Crochet for Beginners

August 26, 2021 0 Comments

Crochet for Beginners

Crochet... let's make it modern!

In recent years crochet has grown radially in popularity within the fibre community. It’s easy to pick up and you can create a wide range of items wit ha simple few techniques. It is a great hobby to help you relax after a long day at work, or dare i say or.. to allow you a bit of escape from the uncertainty of todays wild world.

Once you’ve learnt the art of crochet, there will be no stopping you. Mastering just a few stitches will enable you to complete many different projects, from baby blankets to wearable garments. You can use a wide range of materials from cheap acrylic yarn to luxurious merino art yarns that come in a range of thicknesses and colour. Read on to find out all you need to know about this fun (and highly addictive) craft.

Is it easy to learn crochet?
Crochet can be easy to learn, although if you are new to craft, fibre art and sequential learning there may be a heightened learning the curve at the beginning. You might feel like giving up after you’ve crocheted in the wrong hole... again! But the beauty of crochet is that it is easy to undo and try again. Trust me, i know!

After a few hours of practice, you will feel like a pro and be able to create a chain stitch and single crochet with relative ease. Plenty of practice and enthusiasm and help you develop your technique. When you find your rhythm.. keep going! It doesn't really matter what you make in the beginning, don't try and create a crochet jumper when you first sit down (i know the temptation is high!) Gaining confidence in your craft is what matter most. When i first learn i made a lot of lonnnnng things, i just kept going! They became scarves, lap blankets and i even wove them into large scale wallhangings- just keep going. Practice the simple steps until they're perfected.. then move on and explore from here.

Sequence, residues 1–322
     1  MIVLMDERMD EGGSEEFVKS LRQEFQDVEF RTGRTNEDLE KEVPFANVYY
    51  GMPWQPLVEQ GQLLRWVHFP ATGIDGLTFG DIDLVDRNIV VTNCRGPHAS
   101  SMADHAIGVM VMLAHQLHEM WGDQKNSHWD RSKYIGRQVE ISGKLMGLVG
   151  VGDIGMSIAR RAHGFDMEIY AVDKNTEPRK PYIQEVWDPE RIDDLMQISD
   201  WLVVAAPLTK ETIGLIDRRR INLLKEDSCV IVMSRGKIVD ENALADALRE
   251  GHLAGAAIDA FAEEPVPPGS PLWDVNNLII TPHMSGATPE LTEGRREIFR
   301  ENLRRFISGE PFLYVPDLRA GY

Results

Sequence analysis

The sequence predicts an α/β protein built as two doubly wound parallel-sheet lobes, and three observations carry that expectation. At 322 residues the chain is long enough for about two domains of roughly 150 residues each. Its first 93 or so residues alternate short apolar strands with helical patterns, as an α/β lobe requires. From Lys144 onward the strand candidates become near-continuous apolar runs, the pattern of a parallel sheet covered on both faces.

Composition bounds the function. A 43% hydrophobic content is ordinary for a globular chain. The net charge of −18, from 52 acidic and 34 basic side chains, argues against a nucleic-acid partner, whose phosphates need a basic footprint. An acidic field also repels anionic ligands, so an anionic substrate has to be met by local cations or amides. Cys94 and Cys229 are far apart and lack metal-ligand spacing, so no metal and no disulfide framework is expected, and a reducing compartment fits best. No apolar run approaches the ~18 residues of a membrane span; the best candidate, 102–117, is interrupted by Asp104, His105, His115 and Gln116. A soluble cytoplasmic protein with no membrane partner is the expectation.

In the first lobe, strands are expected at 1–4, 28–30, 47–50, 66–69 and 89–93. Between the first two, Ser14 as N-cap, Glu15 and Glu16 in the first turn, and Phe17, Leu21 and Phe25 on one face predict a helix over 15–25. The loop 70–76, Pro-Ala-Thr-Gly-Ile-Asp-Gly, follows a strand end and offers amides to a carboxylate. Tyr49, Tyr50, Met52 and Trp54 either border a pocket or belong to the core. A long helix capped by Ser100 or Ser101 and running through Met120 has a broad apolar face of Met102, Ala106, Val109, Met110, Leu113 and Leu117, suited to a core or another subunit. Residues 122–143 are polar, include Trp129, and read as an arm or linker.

Continue reading to find out what you need to start crocheting and the best beginner crochet projects.


Choosing the right crochet hook
There are lots of different crochet hooks to choose from and lots of information out there. We’ve summarised which are the best ones for beginners to stop you from getting confused.

Beginners usually start with metal or plastic crochet hooks as they are affordable and long-lasting. If you find that your stitches slip off the end of your hook you can also try bamboo crochet hooks, they are a bit more expensive but have a lot more grip.

You need to make sure that you buy a basic crochet hook, which is hooked just at one end. They generally come in sizes E-J. Most beginners usually start with a medium-sized hook (H-8 5mm).
You can also match your crochet hook with the weight of yarn being used by using the yarn label or it may be specified in your pattern.


What type of yarn should i use to crochet?
When learning to crochet it is best to choose a thicker yarn, worsted weight is usually a good mid-weight yarn to start with. This means you will be able to see the stitches more clearly and develop the skill of knowing where to place your hook quicker than if you used thinner yarn. Pair this with lighter colours for the same reason and you will become a crochet pro in no time.

Merino Art Yarn: Wool yarn is great for practicing as it is resilient and easy to unravel and reuse, leaving no trace of any errors. Mary Makers Studio has a range of fibre supplies and offers a beautiful range of hand-spun art yarns in a variety of colours to help get you started on your crocheting journey.